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Can children learn to read without explicit instruction from adults?

Can children learn to read without explicit instruction from adults?

[et_pb_section bb_built=”1″ _builder_version=”3.11.1″ background_color=”rgba(0,42,255,0.39)” next_background_color=”#ffffff”][et_pb_row _builder_version=”3.0.48″ background_size=”initial” background_position=”top_left” background_repeat=”repeat”][et_pb_column type=”4_4″][et_pb_text _builder_version=”3.11.1″] An experiment in a remote Ethiopian village demonstrates the potential of mobile devices to enable children to learn and teach each other how to read without traditional schooling. [/et_pb_text][et_pb_video src=”https://tnp_encoded_videos.s3.amazonaws.com/web_videos/121006_TNP_BREAZEAL_720_9100.mp4″ _builder_version=”3.11.1″] [/et_pb_video][et_pb_text _builder_version=”3.11.1″] See also: How Reading Rewires Your Brain for Empathy [/et_pb_text][/et_pb_column][/et_pb_row][/et_pb_section][et_pb_section bb_built=”1″ _builder_version=”3.11.1″ prev_background_color=”rgba(0,42,255,0.39)”][/et_pb_section]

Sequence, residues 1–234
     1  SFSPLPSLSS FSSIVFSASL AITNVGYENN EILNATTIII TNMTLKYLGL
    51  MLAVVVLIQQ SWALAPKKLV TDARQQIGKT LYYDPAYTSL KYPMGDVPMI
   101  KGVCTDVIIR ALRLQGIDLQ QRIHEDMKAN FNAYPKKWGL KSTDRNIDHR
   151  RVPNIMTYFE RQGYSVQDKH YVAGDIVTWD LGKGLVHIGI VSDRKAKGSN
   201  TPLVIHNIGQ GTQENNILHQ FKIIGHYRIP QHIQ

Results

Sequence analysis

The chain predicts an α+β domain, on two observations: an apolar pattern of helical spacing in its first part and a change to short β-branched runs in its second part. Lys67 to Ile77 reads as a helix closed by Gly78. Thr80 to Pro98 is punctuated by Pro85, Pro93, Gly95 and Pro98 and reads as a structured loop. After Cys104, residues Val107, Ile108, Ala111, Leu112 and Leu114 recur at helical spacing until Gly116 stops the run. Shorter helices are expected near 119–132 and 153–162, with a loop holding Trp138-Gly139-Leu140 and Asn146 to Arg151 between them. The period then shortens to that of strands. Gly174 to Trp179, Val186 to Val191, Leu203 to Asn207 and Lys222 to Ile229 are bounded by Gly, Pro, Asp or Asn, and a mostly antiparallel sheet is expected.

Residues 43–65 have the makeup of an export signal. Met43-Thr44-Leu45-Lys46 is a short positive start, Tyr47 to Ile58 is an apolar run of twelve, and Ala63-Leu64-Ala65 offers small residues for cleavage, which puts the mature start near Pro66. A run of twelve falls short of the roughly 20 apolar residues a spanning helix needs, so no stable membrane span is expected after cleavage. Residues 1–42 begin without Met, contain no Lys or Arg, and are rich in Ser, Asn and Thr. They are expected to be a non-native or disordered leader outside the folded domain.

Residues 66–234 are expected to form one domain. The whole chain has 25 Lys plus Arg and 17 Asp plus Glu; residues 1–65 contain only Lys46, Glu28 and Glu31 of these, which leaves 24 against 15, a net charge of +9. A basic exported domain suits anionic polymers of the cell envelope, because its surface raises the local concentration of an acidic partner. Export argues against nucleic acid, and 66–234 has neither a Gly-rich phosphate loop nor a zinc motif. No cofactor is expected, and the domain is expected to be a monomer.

The evolutionary and present significance of reading

The evolutionary and present significance of reading

In her new book,¬†Reader Come Home: The Reading Brain in a Digital World,¬†author Maryanne Wolf explores how reading affects the brain and mind. What different effects result from consuming digital media rather than print media and long forms rather than tweets, posts, and other microcontent? In her excellent recent article, she says, Will new readers develop the more time-demanding cognitive processes nurtured by print-based mediums as they absorb and acquire new cognitive capacities emphasized by digital media? For example, will…

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